Q What is the context ?
A Taking cognizance of multiple complaints that photographs of women had been posted on a mobile app for fake auctions, the police in Delhi and Mumbai have registered cases.
Q What is the controversy?
- Hundreds of women in India including journalists, social workers, and other prominent personalities found their images and derogatory content about them on a new app.
- The app was created on hosting platform Github, offered an online “auction” of women (esp from a particular community).
- This controversy is part of the routine harassment women faced on social media in an increasingly polarized communal environment.
Q How much is the extent of Online Abuse of Women ?
- Online abuse includes a diversity of tactics and malicious behaviors ranging from:
- Sharing embarrassing and cruel content about a person to impersonation
- Stalking and electronic surveillance
- Nonconsensual use of photography
- Violent threats and hate speech
- Flaming- use of vitriolic and hostile messages including threats, insults
- The online harassment of women, sometimes called Cybersexism or cybermisogyny, is specifically gendered abuse targeted at women and girls online.
- It incorporates sexism, racism and religious prejudice.
Q What is the recent controversy: A critical case of abuse ?
- The app is clearly an example of online trolling where the dignity and modesty of a woman is highly downgraded.
- This has not been the very first time. Earlier, no arrests were ever made showing Police inaction.
- The authorities were using the Mutual Legal Assistance Treaty (MLAT) to obtain information about the creators of such apps from California-based GitHub.
Q What are Legal provisions against such Crimes ?
A For making arrests, the police have invoked Sections 153A, 153B, 295A, 354D, 500 and 509 of the Indian Penal Code (IPC) and Section 67 of the Information Technology Act.
- Section 153A pertains to the offence of promoting enmity between different groups on grounds of religion, etc., and doing acts prejudicial to the maintenance of harmony
- Section 153B relates to imputations, assertions prejudicial to national-integration
- Section 295A provides punishment for deliberate and malicious acts intended to outrage religious feelings
- Section 354D provides that any man who monitors the use by a woman of the internet, email or any other form of electronic communication with malintent, commits the offence of stalking.
- Section 500 defines the punishment for defamation
- Section 509 addresses the offence of word, gesture or act intended insulting the modesty of a woman
- Section 67 of the IT Act lays down the punishment for publishing or transmitting obscene material in electronic form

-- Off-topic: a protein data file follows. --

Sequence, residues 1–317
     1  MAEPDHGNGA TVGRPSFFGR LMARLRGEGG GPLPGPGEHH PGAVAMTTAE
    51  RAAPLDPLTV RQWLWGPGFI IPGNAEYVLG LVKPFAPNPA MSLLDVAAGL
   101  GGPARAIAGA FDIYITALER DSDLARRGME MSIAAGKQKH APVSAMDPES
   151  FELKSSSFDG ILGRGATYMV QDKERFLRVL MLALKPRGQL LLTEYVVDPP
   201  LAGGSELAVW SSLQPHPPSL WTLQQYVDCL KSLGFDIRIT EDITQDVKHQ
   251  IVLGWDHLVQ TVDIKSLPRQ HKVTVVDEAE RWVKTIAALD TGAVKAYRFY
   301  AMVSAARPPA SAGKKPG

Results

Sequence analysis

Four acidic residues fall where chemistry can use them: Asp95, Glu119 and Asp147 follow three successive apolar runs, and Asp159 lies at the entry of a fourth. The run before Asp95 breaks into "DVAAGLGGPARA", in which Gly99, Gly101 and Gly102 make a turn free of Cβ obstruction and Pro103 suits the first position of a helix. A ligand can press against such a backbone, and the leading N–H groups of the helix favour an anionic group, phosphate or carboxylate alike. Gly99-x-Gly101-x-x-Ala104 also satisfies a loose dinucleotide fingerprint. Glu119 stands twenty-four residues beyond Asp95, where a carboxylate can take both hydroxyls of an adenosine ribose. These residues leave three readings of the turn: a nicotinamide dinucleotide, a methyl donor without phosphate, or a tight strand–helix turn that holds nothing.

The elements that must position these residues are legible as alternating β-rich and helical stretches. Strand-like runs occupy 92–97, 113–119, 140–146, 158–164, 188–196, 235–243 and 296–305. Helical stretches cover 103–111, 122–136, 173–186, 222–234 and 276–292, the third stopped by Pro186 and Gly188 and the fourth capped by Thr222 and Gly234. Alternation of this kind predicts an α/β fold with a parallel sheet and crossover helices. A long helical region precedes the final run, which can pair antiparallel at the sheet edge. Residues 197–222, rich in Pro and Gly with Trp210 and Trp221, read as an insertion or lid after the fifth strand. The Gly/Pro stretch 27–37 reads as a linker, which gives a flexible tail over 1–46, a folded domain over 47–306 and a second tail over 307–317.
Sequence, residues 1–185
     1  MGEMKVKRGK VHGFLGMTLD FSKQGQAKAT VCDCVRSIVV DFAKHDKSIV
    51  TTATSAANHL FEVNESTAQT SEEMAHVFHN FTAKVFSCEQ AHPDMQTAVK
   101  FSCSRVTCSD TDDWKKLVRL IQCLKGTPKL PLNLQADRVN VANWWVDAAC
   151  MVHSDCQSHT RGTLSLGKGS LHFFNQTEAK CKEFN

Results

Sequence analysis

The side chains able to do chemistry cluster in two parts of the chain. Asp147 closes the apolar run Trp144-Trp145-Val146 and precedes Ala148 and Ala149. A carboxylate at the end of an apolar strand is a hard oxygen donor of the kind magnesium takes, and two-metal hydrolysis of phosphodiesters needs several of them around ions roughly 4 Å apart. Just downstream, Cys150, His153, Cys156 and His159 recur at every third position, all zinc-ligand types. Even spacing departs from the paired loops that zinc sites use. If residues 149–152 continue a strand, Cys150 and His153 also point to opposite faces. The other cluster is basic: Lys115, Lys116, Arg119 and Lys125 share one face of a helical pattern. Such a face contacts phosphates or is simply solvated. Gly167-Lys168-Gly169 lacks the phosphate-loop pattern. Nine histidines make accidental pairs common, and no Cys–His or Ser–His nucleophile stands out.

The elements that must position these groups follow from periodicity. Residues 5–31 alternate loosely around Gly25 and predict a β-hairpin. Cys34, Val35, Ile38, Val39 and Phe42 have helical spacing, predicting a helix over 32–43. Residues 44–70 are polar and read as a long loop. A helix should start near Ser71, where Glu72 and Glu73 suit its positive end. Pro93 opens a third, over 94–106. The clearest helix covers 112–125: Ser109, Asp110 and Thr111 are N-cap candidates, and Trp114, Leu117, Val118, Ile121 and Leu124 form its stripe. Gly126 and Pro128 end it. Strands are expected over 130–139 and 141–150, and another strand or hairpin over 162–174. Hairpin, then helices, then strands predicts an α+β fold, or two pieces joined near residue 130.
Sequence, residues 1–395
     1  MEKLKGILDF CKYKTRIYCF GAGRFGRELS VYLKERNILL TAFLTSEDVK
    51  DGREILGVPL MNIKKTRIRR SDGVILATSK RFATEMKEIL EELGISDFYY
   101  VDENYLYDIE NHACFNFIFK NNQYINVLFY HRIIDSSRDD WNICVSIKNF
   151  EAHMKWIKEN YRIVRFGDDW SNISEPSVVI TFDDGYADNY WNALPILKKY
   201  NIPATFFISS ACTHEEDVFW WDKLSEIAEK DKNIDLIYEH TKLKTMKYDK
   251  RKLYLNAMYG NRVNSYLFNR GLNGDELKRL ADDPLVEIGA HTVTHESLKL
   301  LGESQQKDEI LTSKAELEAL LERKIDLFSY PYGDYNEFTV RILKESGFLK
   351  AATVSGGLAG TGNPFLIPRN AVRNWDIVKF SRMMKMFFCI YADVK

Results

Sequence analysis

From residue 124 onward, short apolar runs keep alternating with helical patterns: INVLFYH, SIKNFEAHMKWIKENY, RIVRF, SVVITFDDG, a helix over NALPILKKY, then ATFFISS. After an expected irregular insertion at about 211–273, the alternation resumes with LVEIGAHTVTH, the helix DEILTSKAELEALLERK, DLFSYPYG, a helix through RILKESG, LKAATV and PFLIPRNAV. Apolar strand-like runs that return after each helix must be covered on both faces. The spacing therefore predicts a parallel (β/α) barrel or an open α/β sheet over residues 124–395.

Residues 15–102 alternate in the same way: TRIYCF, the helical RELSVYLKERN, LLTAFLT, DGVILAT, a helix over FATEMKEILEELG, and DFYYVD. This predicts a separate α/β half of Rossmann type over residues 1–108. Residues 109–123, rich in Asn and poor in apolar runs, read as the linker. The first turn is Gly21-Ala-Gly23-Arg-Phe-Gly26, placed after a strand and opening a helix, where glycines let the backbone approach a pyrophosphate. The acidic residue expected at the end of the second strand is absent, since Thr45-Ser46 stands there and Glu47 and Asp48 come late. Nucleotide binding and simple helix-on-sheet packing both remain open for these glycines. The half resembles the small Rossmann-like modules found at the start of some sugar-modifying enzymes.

Penalty for such crime
- The first conviction attracts imprisonment up to three years and fine up to ₹5 lakh and the second or subsequent conviction may lead to imprisonment up to five years and fine that may extend to ₹10 lakh.
Q What are the other provisions related to cybercrimes?
- Section 66E of the IT Act prescribes punishment for violation of privacy.
- Also, sections 354A (sexual harassment and punishment for sexual harassment) and 354C (voyeurism) of the IPC were introduced along with sections 354B and 354D in 2013.
- These may also be applied in conjunction with the relevant IT Act provisions, based on the nature of the offence.
Q What are the responsibilities of intermediaries like social media platforms?
- As of now, the intermediaries are not liable for any third-party data or communication link hosted or stored by them.
- They are required to retain the requisite data for duration as prescribed by the Government and supply the same to the authorities concerned, as and when sought.
- Any contravention attracts punishment as prescribed under the IT Act.
Q What are additional steps been taken ?
- The Ministry of Electronics and Information Technology notified the Information Technology (Intermediary Guidelines and Digital Media Ethics Code) Rules, 2021.
- Its provision —“Due diligence by intermediaries and grievance redressal mechanism” —requires them to inform their users not to host, display, upload, modify, publish, transmit, store, update or share any illegal information.
- They include contents that are defamatory, obscene, pornographic, paedophilic, invasive of another’s privacy, insulting or harassing on the basis of gender, libellous, racially or ethnically objectionable, etc.
- The intermediaries, on the direction of the court or appropriate government agency, are prohibited from hosting, storing or publishing any information declared unlawful.
- Within 24 hours from the receipt of a complaint from, or on behalf of, an individual about any offensive content, they are required to take all reasonable and practicable measures to remove or disable access to it.
Q What can be Way forward ?
- The government can take action beyond passing and enforcing platform regulations.
- It can promote digital education to recognize and report inappropriate online conduct and to communicate respectfully online.
- Social media companies have the primary responsibility to prevent the amplification of online abuse and disinformation.
- Gender-based harassment is marked by the intent of the harasser to denigrate the target on the basis of sex.
- But this proliferation of online harassment of women has now incorporated religious polarization.
- This is very harmful for the existing communal harmony of the nation in the long run.